There is a myth about people who have had their gun rights revoked – that a serious felony conviction was earned or violent crimes must have been committed to have had a constitutional right suspended. The truth is, it’s much easier than you think to lose the right to bear arms given to you by the Constitution of the United States of America.
In fact, many firearm revocations are the result of nonviolent offenses, a misdemeanor conviction, protection from abuse orders, or involuntary civil commitments. Worse, prohibition from gun ownership can go well beyond the final disposition of the case.
One of the most frequent surprising disqualifications is when a second offense DUI results in an M1 conviction – a misdemeanor of the 1st degree. And, of course, no one explains that a plea to a DUI will suspend their right to firearms.
Restoration of firearms rights in Pennsylvania 2021
While there are clearly instances in which firearm revocations are well-warranted, others may find themselves questioning whether their relatively minor brush with the law justifies a prohibition from owning firearms and want to learn more about the restoration of firearms rights available to them. In certain circumstances, gun rights can be restored by way of the pardons and/or expungements processes. Check out these FAQ pages to see if you qualify for a pardon or expungement under PA law.
Generally, if a conviction has been expunged or pardoned at the State level, it will no longer be considered a conviction under U.S. or Pennsylvania law.
Regrettably, most criminal offenses that result in the revocation of the right to own firearms are not eligible for expungement until they have been pardoned by the Governor.
The good news, however, is that virtually any offense or combination of offenses can be pardoned depending on how much time has passed.
The Governor’s Board of Pardons wants to know why the crime occurred, what you have done with your life since then, and how the conviction is holding you back. You must receive three votes from the Board to be recommended for a Pardon. Then the Governor gets to vote. If he issues the Pardon, the FBI and the Pennsylvania State Police are notified.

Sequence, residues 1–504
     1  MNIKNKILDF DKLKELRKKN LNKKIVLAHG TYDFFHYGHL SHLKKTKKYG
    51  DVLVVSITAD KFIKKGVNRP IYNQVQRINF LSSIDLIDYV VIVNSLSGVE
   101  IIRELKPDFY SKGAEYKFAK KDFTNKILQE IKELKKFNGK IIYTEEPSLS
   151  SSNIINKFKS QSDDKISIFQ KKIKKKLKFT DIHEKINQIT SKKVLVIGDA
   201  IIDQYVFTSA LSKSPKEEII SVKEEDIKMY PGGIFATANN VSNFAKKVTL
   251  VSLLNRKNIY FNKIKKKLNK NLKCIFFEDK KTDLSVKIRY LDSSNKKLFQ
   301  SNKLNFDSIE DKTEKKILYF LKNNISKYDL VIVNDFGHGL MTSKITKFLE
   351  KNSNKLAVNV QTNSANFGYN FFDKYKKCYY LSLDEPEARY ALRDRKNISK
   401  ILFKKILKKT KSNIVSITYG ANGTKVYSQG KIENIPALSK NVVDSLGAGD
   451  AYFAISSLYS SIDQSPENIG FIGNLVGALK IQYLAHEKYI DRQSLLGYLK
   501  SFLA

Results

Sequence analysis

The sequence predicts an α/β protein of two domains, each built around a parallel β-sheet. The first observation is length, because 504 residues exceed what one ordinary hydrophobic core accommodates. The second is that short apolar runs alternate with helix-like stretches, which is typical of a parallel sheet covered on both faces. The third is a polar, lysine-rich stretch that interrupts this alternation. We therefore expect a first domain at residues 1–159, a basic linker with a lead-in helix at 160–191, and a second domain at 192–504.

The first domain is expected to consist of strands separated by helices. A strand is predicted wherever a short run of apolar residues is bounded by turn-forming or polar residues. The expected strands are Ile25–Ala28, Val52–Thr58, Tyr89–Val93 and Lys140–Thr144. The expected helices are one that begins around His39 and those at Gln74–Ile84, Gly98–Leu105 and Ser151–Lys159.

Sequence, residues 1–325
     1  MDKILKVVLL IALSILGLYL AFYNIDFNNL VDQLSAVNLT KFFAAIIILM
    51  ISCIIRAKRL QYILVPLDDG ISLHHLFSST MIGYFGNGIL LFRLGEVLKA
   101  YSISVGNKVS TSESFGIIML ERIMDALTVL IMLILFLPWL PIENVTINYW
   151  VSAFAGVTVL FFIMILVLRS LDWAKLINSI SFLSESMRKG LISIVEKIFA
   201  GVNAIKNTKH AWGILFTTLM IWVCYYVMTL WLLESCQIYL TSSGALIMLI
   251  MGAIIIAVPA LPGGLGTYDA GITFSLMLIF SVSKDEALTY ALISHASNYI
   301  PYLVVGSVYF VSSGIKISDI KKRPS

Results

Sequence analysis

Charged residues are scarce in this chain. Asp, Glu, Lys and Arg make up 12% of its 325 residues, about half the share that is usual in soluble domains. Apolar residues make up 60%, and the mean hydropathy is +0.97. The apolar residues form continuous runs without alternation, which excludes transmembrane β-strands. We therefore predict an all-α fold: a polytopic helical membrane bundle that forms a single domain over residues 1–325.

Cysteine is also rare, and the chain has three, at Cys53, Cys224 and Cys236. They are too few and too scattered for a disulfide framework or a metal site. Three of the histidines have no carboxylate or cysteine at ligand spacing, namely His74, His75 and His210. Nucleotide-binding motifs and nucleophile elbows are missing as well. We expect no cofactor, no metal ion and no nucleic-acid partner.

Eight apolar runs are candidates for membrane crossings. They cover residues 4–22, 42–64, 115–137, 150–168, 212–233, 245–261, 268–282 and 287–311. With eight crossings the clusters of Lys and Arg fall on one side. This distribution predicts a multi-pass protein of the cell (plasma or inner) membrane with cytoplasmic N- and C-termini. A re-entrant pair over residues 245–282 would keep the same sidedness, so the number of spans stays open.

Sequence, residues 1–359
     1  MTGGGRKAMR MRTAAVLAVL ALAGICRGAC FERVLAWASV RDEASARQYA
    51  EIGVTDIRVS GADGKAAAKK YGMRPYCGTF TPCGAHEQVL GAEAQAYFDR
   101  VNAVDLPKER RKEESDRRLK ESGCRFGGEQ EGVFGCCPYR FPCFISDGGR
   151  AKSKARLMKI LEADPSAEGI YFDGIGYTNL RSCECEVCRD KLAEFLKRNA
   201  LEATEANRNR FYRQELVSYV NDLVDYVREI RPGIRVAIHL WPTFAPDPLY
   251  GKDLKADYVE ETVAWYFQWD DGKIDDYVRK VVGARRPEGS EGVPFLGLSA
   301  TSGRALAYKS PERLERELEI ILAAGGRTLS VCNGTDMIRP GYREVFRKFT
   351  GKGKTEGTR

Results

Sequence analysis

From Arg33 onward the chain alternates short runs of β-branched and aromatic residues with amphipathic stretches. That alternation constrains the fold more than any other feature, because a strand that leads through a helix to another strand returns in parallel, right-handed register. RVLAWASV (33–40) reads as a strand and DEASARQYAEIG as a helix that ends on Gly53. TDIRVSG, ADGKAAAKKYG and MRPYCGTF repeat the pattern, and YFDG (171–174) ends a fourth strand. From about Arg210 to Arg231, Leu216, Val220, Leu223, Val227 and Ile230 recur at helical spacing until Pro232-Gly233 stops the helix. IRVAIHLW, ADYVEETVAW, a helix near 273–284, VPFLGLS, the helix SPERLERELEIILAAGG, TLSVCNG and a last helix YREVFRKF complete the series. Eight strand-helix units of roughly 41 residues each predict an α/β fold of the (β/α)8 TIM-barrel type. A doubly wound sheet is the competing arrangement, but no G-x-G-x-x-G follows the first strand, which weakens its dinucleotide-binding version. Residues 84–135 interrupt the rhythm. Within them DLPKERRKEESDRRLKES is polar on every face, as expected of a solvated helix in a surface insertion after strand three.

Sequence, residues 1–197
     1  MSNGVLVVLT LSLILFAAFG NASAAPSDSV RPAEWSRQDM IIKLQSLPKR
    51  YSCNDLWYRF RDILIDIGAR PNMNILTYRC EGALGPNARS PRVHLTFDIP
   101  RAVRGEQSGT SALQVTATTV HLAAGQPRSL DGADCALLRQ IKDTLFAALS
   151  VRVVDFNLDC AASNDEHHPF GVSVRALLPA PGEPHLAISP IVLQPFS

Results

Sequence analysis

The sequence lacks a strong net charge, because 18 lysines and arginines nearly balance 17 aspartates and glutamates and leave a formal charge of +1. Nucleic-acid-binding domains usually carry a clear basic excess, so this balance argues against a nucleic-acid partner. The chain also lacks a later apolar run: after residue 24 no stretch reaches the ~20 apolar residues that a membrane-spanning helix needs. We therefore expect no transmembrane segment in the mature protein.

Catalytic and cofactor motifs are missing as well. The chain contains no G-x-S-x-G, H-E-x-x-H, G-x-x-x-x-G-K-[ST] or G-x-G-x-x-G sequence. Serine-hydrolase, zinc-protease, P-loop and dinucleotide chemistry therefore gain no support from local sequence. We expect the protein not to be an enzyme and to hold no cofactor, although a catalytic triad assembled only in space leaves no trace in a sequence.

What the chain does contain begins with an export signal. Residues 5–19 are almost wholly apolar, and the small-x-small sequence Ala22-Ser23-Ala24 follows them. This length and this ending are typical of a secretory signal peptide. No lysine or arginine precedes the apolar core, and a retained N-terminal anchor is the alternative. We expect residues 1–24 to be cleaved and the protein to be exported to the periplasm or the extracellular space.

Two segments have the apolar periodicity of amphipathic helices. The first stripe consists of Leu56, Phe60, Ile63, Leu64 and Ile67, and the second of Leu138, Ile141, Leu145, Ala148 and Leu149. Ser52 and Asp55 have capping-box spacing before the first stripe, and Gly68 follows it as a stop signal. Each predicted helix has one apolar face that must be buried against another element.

Once a pardon is granted, an expungement petition can then be brought before the court of conviction to have the record cleared.
If you believe your gun rights should be restored, are seeking the restoration of firearms rights, and you are eligible for a pardon or expungement, don’t wait! Contact Record Eraser online today or call 717-393-1400 and speak to an experienced attorney.
PA Gun Right Restoration FAQs
- Who is eligible for gun rights restoration in Pennsylvania?
- Gun rights can be restored by way of the pardons and/or expungements processes, so you must qualify for either for you to begin to restore your right to firearms in PA.
- How long does gun rights restoration take in PA?
- Pennsylvania expungements can be filed at the County Court level. The petition can be prepared and filed within 30 days, the Court may take 30 days to review it, the District Attorneys may wish to take a position on the petition. Once the Court signs the Order, it must be circulated to the appropriate agencies, who are supposed to respond within 30 days, although they are currently backlogged.
- Is the gun rights restoration guaranteed?
- No. Depending on which expungement is applicable, the PA District Attorney’s office may support the expungement, or oppose the expungement, or ask for a hearing after which the Court decides. Don’t go at it alone. We can help you!
- How much does it cost to apply (file) for gun rights restoration in Pennsylvania?
- The rates vary depending on the services required, but can be quoted by email or a phone call.
- Can you help with gun rights restoration in Pennsylvania?
- Yes. Find out about our criminal record erasing services here.